• Troubleshoot in the moment. You might be able to stop a tantrum midstream if you have a good guess as to why it’s happening. If your child is hungry, for example, offering them a snack might help them recover more quickly.
  • Create an equal and appealing distraction. If your child is melting down in the grocery store, you could suggest telling a story as you shop. Maybe you’ll tell one to them, or they can tell one to you, or you can make one up together!
  • A specific idea suggested by the UK nonprofit National Society for the Prevention of Cruelty to Children is to try a 5-4-3-2-1 activity. Ask them to name:
    • 5 things they can see
    • 4 things they can touch
    • 3 things that are red
    • 2 things you could taste
    • 1 thing that is noisy (which means they have to stop making noise to find it!)

Managing Temper Tantrums at Different Ages

Mom hugging daughter after temper tantrum

Like most aspects of raising a child, there is no manual or set of guidelines to make temper tantrums predictable. But according to the American Academy of Child and Adolescent Psychiatry, childhood tantrums generally follow this trajectory:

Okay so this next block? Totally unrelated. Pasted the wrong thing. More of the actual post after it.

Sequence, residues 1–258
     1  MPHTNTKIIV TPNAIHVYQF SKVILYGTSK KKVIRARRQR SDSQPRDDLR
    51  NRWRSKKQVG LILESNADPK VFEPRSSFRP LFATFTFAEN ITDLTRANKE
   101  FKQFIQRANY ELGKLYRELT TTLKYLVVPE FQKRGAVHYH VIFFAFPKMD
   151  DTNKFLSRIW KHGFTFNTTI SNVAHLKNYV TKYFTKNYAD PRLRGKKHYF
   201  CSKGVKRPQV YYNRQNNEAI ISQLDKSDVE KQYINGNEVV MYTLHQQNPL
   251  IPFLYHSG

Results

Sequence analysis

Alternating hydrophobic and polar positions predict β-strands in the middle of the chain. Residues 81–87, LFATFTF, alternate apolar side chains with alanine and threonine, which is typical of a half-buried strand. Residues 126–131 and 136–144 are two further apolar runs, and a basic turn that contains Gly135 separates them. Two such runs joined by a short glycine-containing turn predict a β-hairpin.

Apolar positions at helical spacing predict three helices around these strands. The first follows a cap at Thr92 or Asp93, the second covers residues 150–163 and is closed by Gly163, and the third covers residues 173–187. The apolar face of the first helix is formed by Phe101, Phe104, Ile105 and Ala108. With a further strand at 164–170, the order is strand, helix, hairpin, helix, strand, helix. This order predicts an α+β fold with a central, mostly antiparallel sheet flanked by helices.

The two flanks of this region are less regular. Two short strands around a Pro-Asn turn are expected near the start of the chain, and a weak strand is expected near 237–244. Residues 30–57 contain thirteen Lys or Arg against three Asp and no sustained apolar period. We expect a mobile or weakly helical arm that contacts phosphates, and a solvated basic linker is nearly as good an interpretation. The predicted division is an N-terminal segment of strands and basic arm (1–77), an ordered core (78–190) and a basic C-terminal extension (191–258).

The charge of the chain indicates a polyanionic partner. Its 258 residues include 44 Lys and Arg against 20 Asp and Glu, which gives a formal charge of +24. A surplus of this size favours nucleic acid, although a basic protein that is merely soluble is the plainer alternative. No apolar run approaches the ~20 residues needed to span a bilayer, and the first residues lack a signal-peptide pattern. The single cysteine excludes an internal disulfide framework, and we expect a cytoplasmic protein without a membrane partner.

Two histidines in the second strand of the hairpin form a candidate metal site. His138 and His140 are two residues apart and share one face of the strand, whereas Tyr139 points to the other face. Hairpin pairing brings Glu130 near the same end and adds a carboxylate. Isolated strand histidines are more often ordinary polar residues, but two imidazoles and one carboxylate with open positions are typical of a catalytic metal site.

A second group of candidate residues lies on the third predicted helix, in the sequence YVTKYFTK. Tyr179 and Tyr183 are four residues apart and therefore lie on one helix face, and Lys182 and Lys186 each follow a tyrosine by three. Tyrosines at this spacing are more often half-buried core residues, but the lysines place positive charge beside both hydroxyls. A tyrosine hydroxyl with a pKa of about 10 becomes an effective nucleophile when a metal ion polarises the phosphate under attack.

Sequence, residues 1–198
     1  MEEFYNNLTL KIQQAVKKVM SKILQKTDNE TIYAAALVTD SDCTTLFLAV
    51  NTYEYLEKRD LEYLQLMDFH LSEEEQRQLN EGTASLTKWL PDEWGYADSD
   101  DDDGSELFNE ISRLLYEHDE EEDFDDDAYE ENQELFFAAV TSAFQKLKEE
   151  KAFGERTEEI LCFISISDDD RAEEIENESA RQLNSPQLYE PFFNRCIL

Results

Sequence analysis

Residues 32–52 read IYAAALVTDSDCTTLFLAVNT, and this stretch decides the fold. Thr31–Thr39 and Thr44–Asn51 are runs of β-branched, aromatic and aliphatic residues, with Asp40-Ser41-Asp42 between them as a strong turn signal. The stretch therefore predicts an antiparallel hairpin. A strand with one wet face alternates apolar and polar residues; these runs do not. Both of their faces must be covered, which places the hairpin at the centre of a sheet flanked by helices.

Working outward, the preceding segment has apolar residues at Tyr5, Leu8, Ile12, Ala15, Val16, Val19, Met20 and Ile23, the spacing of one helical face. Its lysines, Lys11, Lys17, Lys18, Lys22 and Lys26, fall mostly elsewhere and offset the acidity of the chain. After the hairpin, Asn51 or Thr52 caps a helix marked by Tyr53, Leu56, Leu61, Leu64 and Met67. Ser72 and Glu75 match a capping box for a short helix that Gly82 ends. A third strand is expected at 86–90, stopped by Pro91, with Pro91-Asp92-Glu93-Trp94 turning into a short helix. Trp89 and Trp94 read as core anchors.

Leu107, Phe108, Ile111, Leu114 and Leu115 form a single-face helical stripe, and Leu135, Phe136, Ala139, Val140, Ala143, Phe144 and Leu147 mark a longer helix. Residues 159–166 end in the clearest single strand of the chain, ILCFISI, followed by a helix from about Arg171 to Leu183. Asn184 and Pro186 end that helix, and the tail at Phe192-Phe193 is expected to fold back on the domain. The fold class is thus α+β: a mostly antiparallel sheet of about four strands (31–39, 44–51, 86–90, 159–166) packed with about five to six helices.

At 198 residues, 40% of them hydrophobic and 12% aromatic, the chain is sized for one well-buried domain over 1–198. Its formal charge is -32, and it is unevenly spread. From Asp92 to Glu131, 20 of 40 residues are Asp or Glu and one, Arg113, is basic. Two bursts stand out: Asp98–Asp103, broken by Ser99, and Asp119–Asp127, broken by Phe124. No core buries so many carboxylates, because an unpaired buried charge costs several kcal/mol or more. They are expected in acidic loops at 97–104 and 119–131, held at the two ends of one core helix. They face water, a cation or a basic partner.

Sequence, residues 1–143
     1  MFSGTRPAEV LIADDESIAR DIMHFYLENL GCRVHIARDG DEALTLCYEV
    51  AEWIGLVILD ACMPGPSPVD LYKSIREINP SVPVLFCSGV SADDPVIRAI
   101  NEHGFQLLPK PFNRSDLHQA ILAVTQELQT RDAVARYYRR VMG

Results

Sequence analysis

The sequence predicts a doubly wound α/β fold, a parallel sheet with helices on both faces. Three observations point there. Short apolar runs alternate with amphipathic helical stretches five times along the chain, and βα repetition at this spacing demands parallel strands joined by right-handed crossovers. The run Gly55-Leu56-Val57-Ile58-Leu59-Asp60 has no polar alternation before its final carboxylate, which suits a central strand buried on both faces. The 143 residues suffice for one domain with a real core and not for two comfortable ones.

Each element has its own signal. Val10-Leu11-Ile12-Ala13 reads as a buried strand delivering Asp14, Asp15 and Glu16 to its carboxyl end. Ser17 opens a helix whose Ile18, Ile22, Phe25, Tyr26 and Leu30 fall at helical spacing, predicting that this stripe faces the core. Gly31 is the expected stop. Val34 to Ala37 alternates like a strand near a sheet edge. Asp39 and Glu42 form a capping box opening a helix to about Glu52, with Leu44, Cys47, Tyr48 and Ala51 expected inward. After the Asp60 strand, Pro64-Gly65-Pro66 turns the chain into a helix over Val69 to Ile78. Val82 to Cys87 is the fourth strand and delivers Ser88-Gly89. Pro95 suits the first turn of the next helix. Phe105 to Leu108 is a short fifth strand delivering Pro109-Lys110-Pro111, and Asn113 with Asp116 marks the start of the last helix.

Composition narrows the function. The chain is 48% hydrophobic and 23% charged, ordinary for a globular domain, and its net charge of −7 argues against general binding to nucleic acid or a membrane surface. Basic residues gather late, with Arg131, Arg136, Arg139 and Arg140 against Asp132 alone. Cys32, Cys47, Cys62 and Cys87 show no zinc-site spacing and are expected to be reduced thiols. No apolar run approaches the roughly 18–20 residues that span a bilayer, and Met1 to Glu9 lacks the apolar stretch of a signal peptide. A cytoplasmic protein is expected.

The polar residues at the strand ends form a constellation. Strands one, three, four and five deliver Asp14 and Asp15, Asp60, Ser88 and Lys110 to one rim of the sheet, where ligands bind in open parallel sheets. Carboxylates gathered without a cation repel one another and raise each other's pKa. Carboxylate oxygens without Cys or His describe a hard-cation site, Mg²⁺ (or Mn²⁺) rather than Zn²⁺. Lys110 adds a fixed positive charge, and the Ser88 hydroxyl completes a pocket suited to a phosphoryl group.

Toddlers (18 months to 2 years old)

Tantrums are very common at these ages. Kids have them in a variety of ways: screaming, crying, hitting, kicking, or throwing themselves on the ground. It isn’t unusual for tantrums to occur every day.

Preschoolers (3 to 5 years old)

Although temper tantrums are still common at these ages, they aren’t happening as often anymore. 

School-Age Kids (6 to 13 years old)

Temper tantrums become much less common, most likely occurring less than once a week. If they are routinely happening or are very intense, you may want to reach out to your doctor or a mental health professional who can help you determine what your child needs and how to support them.

Are Tantrums on Purpose?

Many parents wonder whether tantrums happen on purpose. There’s a good reason for that, because the answer is no at first—but possibly yes later. 

Tantrums aren’t conscious at first. Your child feels strongly about something—they’re frustrated, scared, angry, or anxious—and they don’t know how to express it in a nuanced and constructive way. The emotion is inside them and they need to express it. So they aren’t being willful and they aren’t acting according to some plan they’ve created.

But if your child throws a tantrum and gets what they want over and over again, then, yes, these bursts of disruptive behavior can become intentional. Kids can learn tantrums are an effective way of getting their needs and wants met.

Our challenge as parents is to help our children find healthy ways to satisfy those needs and wants, as well as healthy ways to cope when they can’t be satisfied.